The Chili Dip: Explaining This Wedge Mishit and How to Fix It

A chili-dipped chip shot can be mighty embarrassing

Golfer hits the ground and digs up a lot of turf for a chili dip
When you hit the ground behind the golf ball and dig up a lot of turf, that's a chili dip. Sam Greenwood/Getty Images

"Chili dip" is a slang term in golf that refers to a type of mis-hit chip shot. When a golfer chili-dips his chip, it means that the golf club struck the ground behind the ball, digging up turf and resulting in little or no contact with the ball itself. The result of a chili dip is a golf ball that doesn't go very far - possibly moving only a few feet or barely at all - and comes up well short of the target.

A badly chili-dipped chip is one of the most embarrassing shots in golf if you dig up a lot of turf and don't even make contact with the ball!

The 'Chili Dip' Goes By Many Names

A "chili dip" is one of those shots in golf that has many different names. Chili dip is another term for a fat shot, another way of saying the golfer hit it heavy. A "chunk" and a "chili dip" are the same thing. (Although note that these other terms are often applied to any shots, while "chili dip" is almost always used to describe a chip shot around the green.)

Chili dips can also be called duffs or duffed shots. If a golfer chili dips a chip and digs up a huge divot in the process, he "laid the sod over it." A golfer who does that often is "always laying the sod over it." (Your playing partners are sure to laugh uproariously in the unfortunate event your chili dip results in the ball not moving and literally getting covered by the sod you dug up.)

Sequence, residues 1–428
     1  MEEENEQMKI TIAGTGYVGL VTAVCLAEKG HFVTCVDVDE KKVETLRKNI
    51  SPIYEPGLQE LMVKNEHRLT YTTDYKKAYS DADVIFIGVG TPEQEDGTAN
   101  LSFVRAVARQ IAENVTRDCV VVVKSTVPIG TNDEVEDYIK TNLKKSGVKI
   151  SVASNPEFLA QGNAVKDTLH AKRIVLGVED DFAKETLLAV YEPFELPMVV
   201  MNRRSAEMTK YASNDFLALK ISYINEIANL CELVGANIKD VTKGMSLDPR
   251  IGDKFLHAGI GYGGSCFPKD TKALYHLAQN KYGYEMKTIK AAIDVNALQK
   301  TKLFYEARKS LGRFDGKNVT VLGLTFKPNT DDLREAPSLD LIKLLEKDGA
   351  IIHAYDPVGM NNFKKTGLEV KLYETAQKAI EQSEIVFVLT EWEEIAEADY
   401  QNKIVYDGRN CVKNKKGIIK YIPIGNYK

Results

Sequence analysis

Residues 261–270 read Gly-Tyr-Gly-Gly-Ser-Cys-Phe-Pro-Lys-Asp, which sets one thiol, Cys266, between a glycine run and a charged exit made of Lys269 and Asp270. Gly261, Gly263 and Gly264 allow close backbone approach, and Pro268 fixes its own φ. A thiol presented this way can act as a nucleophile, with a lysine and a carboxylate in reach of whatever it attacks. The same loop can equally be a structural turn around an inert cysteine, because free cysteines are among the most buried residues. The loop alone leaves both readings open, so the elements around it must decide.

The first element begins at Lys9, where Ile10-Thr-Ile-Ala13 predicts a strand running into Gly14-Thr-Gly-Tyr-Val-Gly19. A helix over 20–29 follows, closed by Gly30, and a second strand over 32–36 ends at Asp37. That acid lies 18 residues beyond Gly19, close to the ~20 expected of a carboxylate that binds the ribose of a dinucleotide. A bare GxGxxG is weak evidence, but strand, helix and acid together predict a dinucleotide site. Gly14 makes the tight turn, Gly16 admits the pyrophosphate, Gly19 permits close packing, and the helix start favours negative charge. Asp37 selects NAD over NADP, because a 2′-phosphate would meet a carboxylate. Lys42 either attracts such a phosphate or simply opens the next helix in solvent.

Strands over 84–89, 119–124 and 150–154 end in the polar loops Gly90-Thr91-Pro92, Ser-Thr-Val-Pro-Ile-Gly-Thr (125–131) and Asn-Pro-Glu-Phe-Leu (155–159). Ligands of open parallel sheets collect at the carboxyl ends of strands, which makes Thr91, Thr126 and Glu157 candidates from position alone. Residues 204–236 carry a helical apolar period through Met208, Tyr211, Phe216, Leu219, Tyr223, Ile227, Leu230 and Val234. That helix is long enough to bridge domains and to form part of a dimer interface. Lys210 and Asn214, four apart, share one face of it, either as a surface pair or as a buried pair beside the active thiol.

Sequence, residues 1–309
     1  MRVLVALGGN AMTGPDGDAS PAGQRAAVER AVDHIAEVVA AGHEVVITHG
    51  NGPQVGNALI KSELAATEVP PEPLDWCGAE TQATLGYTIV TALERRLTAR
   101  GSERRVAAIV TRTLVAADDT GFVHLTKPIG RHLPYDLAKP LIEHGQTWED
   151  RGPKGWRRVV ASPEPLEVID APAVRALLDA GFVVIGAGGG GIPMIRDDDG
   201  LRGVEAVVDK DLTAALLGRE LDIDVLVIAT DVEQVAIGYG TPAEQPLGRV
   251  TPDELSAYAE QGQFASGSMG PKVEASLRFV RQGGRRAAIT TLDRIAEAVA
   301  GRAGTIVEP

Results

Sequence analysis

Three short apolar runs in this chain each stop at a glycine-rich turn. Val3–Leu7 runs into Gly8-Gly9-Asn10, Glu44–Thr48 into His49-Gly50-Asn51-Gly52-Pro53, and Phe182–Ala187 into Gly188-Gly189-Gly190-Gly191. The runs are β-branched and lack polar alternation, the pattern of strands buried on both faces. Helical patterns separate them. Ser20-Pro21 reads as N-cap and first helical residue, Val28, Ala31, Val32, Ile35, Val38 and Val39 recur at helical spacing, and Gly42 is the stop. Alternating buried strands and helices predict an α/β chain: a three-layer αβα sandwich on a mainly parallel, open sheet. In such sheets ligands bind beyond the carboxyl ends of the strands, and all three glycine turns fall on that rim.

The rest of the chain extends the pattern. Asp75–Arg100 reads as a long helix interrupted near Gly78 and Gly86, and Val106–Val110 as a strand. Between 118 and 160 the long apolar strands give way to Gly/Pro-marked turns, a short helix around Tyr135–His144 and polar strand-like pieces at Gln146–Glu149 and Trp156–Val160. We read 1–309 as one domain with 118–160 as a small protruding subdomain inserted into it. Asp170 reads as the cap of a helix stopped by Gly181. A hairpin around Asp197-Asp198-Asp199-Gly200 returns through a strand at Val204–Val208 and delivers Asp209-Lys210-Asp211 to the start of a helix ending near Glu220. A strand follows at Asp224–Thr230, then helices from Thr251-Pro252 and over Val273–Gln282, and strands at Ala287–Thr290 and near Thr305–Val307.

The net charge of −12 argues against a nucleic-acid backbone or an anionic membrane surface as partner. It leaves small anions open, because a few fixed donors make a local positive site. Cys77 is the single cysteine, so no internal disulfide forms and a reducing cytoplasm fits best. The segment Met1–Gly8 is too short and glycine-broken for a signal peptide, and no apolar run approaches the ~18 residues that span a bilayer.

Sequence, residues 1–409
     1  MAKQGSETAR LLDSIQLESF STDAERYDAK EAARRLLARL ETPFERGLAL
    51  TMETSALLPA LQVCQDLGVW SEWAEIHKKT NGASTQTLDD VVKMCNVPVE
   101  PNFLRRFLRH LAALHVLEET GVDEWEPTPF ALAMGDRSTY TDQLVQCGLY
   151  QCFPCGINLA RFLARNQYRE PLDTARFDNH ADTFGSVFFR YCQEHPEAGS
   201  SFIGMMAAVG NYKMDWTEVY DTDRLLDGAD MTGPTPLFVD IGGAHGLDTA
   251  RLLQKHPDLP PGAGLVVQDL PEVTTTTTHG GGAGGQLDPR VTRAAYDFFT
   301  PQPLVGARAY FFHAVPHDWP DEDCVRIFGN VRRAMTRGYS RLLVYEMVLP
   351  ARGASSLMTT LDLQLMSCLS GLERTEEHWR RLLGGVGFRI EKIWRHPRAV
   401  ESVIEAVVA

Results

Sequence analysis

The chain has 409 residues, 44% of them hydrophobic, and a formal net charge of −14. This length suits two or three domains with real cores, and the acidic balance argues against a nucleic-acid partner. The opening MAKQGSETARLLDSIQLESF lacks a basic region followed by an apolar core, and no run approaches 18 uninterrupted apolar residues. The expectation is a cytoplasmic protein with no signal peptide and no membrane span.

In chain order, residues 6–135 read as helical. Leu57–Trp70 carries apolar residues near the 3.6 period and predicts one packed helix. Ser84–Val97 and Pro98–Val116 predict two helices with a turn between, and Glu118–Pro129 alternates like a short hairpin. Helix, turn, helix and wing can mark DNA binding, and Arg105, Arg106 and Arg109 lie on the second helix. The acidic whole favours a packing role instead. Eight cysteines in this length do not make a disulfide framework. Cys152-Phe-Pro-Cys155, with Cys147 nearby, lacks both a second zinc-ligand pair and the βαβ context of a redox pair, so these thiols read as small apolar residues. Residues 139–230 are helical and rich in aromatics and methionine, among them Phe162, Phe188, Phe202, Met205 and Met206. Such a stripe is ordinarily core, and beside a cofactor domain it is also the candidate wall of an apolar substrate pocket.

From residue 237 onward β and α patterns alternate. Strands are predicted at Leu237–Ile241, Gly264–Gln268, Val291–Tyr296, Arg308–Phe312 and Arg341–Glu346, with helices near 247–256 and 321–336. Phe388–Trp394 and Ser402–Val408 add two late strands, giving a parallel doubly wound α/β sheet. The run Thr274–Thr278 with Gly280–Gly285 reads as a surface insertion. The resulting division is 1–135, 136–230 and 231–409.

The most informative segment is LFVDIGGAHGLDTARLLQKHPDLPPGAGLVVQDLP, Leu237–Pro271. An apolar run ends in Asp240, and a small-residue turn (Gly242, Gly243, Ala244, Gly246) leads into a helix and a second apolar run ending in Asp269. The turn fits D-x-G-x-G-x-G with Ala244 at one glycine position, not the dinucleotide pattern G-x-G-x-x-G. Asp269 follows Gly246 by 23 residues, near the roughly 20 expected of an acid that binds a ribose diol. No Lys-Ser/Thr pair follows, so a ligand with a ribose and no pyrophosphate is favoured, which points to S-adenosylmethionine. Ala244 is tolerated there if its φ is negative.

One fun alternate slang term for a chili dip is "Hormel" - "I Hormelled it" (Hormel is a brand of canned chili).

What Causes a Chili Dip?

Hitting behind the ball - your wedge making contact with the ground before the ball - results in the chili dip. How far behind the ball, and how much your wedge digs into the turf, determines just how bad (and embarrassing) your chili-dipped chip attempt is.

Another way of putting it: The golfer's swing is bottoming out before the clubhead reaches the golf ball. Golf irons, even wedges, are designed to strike the golf ball on the way down - to make contact with the ball before contacting the turf, in other words. "Hit down to make the ball go up" is an old golf maxim when it comes to iron play. 

And a swing bottoming out before the club reaches the ball? That's typically caused by the golfer shifting backward during the swing, putting weight on her rear foot, and/or trying to scoop or lift the ball, rather than making a good, crisp swing. It can also be caused prior to the swing by a poor setup position: Setting up for the chip leaning back; setting up with your head already behind the ball.

Fixing Chili Dipped Wedge Shots

So the antidote to chili dipping is making sure you don't shift backward during the swing: prevent your weight from shifting to your rear foot, keep the bottom of your swing on the ball rather than behind it.

Check out this advice about hitting down on the ball with chip shots, and how important it is to accelerate through the swing - and how shortening your backswing can help on chips.

And here is an instructional article that specifically covers problems leading to chunks, and what to do about them.

Want a drill to work on fixing those chili-dipped chip shots? In his book Golf For Dummies (buy it on Amazon), pro golfer, announcer and instructor Gary McCord recommends this:

  • Stick an old golf shaft or an alignment stick into the ground.
  • Place your golf ball next to it.
  • Set up for the chip shot with your nose in front of (to the left of, for right-handed golfers) the stick. This puts the bottom of your swing in the right place - on the ball, not behind it.
  • Now, hit the chip shot while keeping your head forward - don't lean back, don't shift back.

Remember to accelerate through the ball and no scooping!